"Ground control to Commander Sagers?"
The question brought me back to the surreality of the moment, away from multiple reminisces of a childhood where I watched an orange blaze head towards the heavens. Back from quotes of both Star Trek and The Simpsons which swirled through my head: Captain Kirk famously voicing Gene Roddenberry's sentiment that space is the final frontier; Frank Grimes incredulously asking Homer Simpson about going into space, to which a dumfounded Homer replied, "You've never been?"
I was thinking about Live From Space, National Geographic Channel's global live event special airing tonight at 8 p.m. ET, which brings viewers into the International Space Station with astronauts for a two-hour trip (literally) around the world. I was thinking about how -- in some infinitesimally small way -- I was joining the ranks of astronauts Rick Mastracchio and Koichi Wakata, who are currently 220 miles above us.
The calm voice again: "Ground control to Commander Sagers..."
Mission control was piping in through my headset. I reached up, flipped the appropriate switches on my overhead panel, then pushed a series of buttons on the panel to my right. My pilot read a series of instructions from the flight deck seat to my right. Moments later, the view of stars changes into the landscape of Earth, then the landing strip of Kennedy Space Center. I continue to talk into my headset to control, but I'm really focused on the control column and the ground that's getting closer.
From Earth to space, and back again, I was landing the space shuttle. Well, kind of.
Huntsville, Alabama: As an adult in his mid-30s, I'd finally achieved a boyhood dream of attending Space Camp, and it was everything I hoped for. My wings were on and I was rocking a flight suit, somehow having achieved the rank of Commander. Along with a merry spacefaring band of journalists, I was assigned a mission to launch into orbit, conduct some experiments and successfully bring the bird back home into the gravitational embrace of the big blue marble we call home.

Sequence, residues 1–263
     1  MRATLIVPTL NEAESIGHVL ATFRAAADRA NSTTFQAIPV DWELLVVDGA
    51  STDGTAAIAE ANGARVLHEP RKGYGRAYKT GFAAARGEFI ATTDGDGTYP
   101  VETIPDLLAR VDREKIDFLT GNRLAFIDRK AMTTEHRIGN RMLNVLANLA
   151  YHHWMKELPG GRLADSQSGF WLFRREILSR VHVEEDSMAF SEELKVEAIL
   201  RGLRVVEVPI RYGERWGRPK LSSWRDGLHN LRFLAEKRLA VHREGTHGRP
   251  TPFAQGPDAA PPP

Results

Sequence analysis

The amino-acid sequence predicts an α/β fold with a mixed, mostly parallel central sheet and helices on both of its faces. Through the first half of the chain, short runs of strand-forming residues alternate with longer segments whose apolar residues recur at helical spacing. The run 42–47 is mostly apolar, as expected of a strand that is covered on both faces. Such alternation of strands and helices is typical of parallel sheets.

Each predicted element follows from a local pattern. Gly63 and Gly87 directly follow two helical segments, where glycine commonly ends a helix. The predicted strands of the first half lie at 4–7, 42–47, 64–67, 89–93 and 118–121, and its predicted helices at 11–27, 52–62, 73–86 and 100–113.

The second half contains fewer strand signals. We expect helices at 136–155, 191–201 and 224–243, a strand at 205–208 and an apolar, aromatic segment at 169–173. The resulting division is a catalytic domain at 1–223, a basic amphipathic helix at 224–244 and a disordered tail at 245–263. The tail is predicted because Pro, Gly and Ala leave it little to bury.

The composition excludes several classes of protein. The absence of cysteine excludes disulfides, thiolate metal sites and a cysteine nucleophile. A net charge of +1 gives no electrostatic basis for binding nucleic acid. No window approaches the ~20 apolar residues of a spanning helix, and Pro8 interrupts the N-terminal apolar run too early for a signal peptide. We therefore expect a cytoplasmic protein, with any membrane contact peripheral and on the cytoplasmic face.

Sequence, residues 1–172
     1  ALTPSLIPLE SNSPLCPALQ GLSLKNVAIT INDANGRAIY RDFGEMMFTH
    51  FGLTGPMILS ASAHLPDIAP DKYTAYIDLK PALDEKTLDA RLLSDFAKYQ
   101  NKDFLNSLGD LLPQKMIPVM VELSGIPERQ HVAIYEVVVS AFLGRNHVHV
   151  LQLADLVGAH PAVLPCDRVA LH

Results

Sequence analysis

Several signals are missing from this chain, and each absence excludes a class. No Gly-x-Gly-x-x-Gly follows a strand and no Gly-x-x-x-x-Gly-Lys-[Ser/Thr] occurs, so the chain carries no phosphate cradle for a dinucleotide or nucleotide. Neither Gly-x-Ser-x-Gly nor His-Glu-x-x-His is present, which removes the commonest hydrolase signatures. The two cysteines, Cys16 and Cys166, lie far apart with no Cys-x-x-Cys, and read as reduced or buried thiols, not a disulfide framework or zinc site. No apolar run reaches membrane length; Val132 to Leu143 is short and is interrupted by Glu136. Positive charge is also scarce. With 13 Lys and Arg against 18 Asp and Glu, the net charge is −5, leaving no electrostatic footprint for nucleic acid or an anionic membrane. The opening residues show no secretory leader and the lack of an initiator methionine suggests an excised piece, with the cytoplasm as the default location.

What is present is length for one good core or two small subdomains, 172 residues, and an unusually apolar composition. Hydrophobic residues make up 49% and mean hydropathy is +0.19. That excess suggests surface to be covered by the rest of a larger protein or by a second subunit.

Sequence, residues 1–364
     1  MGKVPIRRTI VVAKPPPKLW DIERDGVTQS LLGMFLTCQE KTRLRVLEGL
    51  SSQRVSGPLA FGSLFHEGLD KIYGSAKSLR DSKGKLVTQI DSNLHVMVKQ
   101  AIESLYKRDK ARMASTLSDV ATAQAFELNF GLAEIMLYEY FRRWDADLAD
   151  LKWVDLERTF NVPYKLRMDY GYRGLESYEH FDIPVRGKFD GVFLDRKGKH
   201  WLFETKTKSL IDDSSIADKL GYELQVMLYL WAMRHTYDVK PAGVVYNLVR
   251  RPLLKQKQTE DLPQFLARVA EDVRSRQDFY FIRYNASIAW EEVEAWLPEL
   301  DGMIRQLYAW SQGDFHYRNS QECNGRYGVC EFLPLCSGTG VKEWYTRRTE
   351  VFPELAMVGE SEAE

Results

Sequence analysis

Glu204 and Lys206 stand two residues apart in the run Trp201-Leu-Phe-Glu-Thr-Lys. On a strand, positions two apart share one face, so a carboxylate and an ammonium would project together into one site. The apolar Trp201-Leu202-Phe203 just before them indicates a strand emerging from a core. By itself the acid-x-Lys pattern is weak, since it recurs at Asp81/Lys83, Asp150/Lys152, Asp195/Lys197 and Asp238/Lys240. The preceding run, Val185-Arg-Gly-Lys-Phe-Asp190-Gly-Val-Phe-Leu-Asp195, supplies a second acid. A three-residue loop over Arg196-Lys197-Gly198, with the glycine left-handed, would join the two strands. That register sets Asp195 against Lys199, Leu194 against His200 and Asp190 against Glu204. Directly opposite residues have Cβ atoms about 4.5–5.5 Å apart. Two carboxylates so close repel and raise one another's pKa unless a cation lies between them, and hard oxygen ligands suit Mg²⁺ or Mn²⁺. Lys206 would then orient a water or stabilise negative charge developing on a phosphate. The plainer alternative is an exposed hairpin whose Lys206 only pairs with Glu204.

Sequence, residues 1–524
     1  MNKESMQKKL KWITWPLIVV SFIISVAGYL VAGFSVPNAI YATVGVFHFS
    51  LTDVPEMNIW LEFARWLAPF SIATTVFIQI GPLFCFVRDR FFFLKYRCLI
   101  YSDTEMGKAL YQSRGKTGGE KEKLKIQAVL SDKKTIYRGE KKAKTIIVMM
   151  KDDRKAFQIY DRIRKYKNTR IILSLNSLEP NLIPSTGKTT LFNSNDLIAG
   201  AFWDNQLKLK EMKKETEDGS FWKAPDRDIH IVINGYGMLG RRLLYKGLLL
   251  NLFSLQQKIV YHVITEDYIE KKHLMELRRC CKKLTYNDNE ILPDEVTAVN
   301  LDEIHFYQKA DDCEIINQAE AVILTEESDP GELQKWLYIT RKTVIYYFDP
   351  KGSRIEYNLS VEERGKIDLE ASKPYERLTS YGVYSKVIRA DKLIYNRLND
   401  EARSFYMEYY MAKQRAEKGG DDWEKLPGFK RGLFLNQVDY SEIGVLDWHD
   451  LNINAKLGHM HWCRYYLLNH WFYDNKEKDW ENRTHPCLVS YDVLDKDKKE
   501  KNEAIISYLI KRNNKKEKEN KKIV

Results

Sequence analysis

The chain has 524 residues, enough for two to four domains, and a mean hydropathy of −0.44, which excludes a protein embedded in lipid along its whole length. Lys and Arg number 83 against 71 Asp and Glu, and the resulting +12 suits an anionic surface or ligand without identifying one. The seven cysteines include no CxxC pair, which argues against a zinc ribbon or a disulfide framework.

Throughout a day of training, I was spun around in the Multi-Axis Trainer (MAT) cages that train astronauts for the disorientation; I simulated a moonwalk (and cartoon space run from alien zombies); learned about the weightlessness of space and built constructs underwater with SCUBA instructors; zipped around in all angles in the Manned Maneuvering Unit jet pack (the same thing George Clooney unrealistically used to cover so much area in Gravity). And of course, I launched and landed the space shuttle orbiter from a cockpit simulator.
I grew up in Central Florida, and was fortunate to witness shuttle launches by merely walking outside and looking up. Still, Space Camp made me feel like I was part of something bigger. It reminded and energized me of the truth that we humans have the ability to, as aviator John Gillespie Magee, Jr. said, slip "the surly bonds of Earth."
Sure, sounds a little dramatic. But here's the thing: It should be. Traveling to space has, unfortunately, become a mundane idea for those of us planted on terra firma. Our interest in the space program seems to have waned in an environment (justifiably) concerned about the economy, global politics, bizarre weather patterns and The Bachelor finale.
Perhaps it is because we are too far, literally and figuratively, from the International Space Station. It is easy to forget about the science taking place way up there, even if it has a direct impact on us down here. But what Live From Space does, based on the clips I've seen so far, is make a direct correlation between the two. The special will take viewers inside the floating laboratory to show how science is helping us earthfolk -- such as by demonstrating the robotic systems adapted by neuroscience for brain surgery.
Live From Space succeeds in performing a task crucial to science exploration: Exciting and engaging the public. Space station astronauts Mastracchio and Wakata, along with astronaut Mike Massimino and host Soledad O'Brien -- who will be live tonight from Houston -- bring the public into the most forbidding place a human can venture. Pre-packaged segments such as "Drowning In Space," focusing on what happened when an astronaut was stuck in a space-suit filling with floating water, illustrates the very real and ever present dangers of the job. But the special also addresses the everyday questions about maintaining hygiene, sleeping, eating and using the toilet in space. In a way, the special both grounds the work of the ISS while launching the audience into orbit.
Space Camp made me care about space exploration in a way that I admittedly haven't in a long while. It reminded me of that enthusiastic kid who would visit Kennedy Space Center and watch as mankind collectively reached out its hand to touch the face of god. I believe Live From Space has the potential to have a similar impact on audiences tonight. I hope it energizes us to want to spend more time in the final frontier.